Evaluation Services 


I wrote the information below to clarify what an evaluation involves and what you can expect when seeking an evaluation for your child or teen.

***For the duration of the COVID-19 pandemic,

I am not providing any in-person psychological services.

Please feel free to contact me to discuss alternate options.***

Psychological Evaluation

Psychological evaluation involves administering tests as a way to understand an individual and make choices about treatment. Evaluation answers questions about why an individual is struggling and how parents and family, teachers, and therapists can help.


Each evaluation is developed individually, and methods are selected based on various factors, including the reason for seeking the evaluation, the severity of the problem, and attention and motivation to participate in testing. Evaluation methods include the following:

  • Norm-referenced measures, such as direct testing by a psychologist (e.g., intellectual assessment) and rating scales completed by caregivers. These measures assess skills and behavior as compared to same-age peers. 

  • Interviews with caregivers, teachers, and the individual being assessed.

  • Behavior observations in various settings, including in my office, at school, at home, and/or in the community.

  • Informal assessment procedures, such as reviewing medical records and background questionnaires.

After the evaluation is complete, I meet with the family to provide feedback and recommendations for next steps. I also provide a comprehensive written report with a detailed narrative of results and recommendations.

Autism Evaluation

According to the Diagnostic and Statistical Manual of Mental Disorders (DSM-5), a diagnosis of Autism Spectrum Disorder is most valid when multiple sources of information are used, including a trained clinician’s observation, report from caregivers, and self-report (American Psychiatric Association, 2013).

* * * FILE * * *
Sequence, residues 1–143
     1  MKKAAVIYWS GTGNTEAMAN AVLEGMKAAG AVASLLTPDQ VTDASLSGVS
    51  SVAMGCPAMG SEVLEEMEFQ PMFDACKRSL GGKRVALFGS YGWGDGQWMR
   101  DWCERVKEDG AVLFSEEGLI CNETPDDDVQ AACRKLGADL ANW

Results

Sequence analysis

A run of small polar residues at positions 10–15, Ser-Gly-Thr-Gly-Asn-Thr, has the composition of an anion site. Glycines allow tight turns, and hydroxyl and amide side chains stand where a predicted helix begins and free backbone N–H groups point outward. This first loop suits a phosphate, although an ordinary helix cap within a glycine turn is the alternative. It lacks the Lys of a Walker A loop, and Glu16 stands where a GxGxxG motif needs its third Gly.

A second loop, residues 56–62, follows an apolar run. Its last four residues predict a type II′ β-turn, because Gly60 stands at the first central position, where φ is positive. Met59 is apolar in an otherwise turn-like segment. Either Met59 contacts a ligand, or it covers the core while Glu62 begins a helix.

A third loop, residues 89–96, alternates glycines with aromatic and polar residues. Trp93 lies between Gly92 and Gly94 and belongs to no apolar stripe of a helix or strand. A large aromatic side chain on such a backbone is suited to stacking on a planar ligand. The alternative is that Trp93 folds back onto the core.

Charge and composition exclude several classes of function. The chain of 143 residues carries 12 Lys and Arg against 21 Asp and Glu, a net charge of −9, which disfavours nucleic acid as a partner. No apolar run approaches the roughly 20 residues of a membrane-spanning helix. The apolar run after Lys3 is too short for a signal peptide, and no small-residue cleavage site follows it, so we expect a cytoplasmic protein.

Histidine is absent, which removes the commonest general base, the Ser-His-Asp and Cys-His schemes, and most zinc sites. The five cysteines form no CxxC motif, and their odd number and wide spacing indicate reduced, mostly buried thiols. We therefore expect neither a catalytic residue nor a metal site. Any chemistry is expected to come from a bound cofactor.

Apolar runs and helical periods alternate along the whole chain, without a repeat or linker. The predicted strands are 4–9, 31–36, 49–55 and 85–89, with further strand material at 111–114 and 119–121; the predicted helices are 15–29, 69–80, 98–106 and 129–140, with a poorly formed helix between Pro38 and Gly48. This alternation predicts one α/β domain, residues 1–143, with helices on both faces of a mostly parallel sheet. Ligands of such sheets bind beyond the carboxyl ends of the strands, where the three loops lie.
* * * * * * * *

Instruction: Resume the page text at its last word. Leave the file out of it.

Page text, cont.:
I provide comprehensive autism evaluation, which includes at minimum:

  • Autism Diagnostic Observation Schedule (ADOS-2, the gold standard instrument used in research and clinical settings) 

  • Cognitive assessment

  • Adaptive behavior assessment 

  • Clinical interview with caregivers


​Depending upon the needs of the individual being assessed, autism evaluation may include additional testing (e.g., for concerns about attention or anxiety).


Following the assessment, I provide feedback to caregivers as well as a comprehensive written report of test results and recommendations.

Functional Behavior Assessment

A Functional Behavior Assessment (FBA), is a data-driven method to understand behavior. School psychologists often use an FBA when a student's difficulties in the school setting interfere with the student’s ability to participate in the classroom.


An FBA involves observing the student where the problem behaviors occur, such as in the classroom or on the playground. The observation informs a Behavior Intervention Plan (BIP). The BIP is a concrete plan of strategies to reduce the problem behaviors and replace them with positive social behaviors.  


With the school’s permission, I can provide classroom observations to complete a Functional Behavior Assessment (FBA) and develop a Behavior Intervention Plan (BIP). The BIP can be used at school, at home, and in the community. The BIP is most effective when all adults involved in the student’s life understand and reinforce the plan, so that expectations for social behavior are clear and consistent.

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